Direct Drive Brushless and Gearless Motor for Power Wheelchair

I am currently designing a next generation Power Wheelchair using the most up to date technology and materials.
However, I am currently finding it difficult to locate a brushless and gearless direct drive motor for the wheelchair. I have looked at motors such as the Mars brushless PMAC motor ( http://www.robotmarketplace.com/products/ETK-ETEKBL.html ) however this motor would require a gear reduction system which is not what I would like. To keep the wheelchair as maintenance free as possible, it is essential that the motor is gearless. The chair will be operating at 48V, which resulted in the Mars motor having an output of just under 3500 rpm, however I was recently told that the wheelchair motor should be turning at something about 150-250 rpm... which is a LOT slower than the actual motor output, hence the gear reduction needed.

I come here to ask if anybody on this forum knows of any motors that may be of any help to me.

The brushless hub motors that are used in electric bicycles such as ( http://www.elifebike.com/peng/iview.asp?KeyID=dtpic-2011-1G-K59E.3DNJU) offer a similiar rpm that is needed for the wheelchair, however I am not sure how i'd be able to implement them with wide flotation tyres such as these ( http://www.terraintyres.co.uk/user/products/large/Kenda%20Superturf%20K500.jpg ). So if anyone has any innovative ideas in that sense then by all means fire away.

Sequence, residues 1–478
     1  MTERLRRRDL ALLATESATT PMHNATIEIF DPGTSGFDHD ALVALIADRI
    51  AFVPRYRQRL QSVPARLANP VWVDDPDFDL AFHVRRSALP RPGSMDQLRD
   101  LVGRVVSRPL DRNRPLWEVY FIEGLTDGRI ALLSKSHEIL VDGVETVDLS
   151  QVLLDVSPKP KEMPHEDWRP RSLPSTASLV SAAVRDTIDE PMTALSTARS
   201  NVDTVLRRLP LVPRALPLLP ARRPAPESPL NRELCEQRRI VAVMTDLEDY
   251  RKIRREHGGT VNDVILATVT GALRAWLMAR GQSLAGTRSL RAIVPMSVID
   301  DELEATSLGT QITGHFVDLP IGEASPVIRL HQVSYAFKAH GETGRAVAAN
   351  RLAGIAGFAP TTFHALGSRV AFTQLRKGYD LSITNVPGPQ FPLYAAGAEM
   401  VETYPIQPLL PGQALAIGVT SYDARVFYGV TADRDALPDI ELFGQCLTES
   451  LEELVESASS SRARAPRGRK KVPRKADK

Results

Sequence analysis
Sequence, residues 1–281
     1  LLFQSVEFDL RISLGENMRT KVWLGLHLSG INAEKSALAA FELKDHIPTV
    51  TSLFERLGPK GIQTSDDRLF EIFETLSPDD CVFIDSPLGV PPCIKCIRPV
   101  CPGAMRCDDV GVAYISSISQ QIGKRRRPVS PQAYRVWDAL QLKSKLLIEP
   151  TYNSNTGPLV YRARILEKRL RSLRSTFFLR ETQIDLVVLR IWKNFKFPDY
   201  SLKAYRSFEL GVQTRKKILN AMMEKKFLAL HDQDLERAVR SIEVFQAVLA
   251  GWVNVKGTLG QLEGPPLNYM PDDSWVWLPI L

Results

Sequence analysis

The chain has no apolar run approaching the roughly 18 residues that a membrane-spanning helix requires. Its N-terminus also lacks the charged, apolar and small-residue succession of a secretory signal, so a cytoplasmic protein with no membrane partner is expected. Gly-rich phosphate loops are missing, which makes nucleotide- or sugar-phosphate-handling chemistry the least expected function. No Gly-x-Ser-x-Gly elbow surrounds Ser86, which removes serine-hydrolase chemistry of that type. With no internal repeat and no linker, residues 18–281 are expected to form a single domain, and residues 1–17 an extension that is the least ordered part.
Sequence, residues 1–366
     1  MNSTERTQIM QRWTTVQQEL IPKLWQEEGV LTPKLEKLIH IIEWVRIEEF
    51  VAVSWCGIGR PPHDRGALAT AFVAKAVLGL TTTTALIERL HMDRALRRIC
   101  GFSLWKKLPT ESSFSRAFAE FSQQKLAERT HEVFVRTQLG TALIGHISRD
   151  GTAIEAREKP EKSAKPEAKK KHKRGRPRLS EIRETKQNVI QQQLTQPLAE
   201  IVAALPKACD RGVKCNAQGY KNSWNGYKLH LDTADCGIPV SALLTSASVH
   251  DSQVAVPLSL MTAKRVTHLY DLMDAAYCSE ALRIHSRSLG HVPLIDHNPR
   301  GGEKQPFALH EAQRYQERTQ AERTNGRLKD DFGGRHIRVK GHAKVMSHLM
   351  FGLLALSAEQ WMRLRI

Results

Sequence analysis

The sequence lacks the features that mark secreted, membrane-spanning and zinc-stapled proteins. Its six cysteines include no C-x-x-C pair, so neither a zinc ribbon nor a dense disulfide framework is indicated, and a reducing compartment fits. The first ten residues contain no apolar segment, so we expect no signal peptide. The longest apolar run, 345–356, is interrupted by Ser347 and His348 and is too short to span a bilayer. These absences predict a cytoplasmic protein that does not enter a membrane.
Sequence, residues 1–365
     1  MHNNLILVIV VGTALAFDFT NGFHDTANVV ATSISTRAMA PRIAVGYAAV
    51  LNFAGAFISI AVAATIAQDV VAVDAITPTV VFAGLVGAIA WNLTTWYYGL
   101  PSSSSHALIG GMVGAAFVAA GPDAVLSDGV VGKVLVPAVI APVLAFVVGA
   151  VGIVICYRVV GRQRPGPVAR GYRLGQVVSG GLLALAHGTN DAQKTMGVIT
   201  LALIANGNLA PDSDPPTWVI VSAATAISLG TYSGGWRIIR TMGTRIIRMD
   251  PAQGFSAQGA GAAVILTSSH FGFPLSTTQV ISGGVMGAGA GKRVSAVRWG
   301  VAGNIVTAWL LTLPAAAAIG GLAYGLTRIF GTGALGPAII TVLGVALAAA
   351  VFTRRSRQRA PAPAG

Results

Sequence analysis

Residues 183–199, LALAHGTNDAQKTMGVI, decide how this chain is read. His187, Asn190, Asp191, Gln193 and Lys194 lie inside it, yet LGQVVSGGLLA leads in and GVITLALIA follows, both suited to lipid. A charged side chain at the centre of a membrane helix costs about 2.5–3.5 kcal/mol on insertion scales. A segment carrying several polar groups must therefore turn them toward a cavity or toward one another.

Any help is greatly appreciated and I look forward to reading any replies.

Cheers,
Lewis

The motor you linked to is a GEARED motor; the gearcase is within the hub rather than being external.
Ciao,
Lenny

what's your problem with gears - they are the most sensible method to develop high torque at low speed.

The only reason that I would prefer it to be gearless is to keep the wheelchair as maintainance free and with as little moving parts as possible, and to keep the weight down as much as I can.

The reliability of these wheelchairs are essential to the user, and with gearboxes needing replaced every so often, removing this component in exchange with direct drive, will remove this worry from the wheelchair user.

What data are you using to evaluate the frequency of gearbox changes on wheelchairs. I understand your requirement for a low maintenance device, but you need to quantify the "real" problem and balance that against the complexity, reliability and cost of an alternative system.

Now for some numbers :

Wheel diameter say 0.5metres. Chair velocity 6kM/hr maximum
So wheel rotation speed is 6000 / ( 60 x 3.142 x 0.5 ) = 64 RPM

So you will be looking for a multiphase, multipole brushless motor with very high torque output. Technically this will require some 'special-build" motors complete with the necessary complex DC to AC drive systems.

In my opinion this requirement will far outweigh in both terms of complexity and cost any perceived disadvantage of using a 'conventional wheelchair motor/wheel arrangement with inbuilt epicyclic gearbox.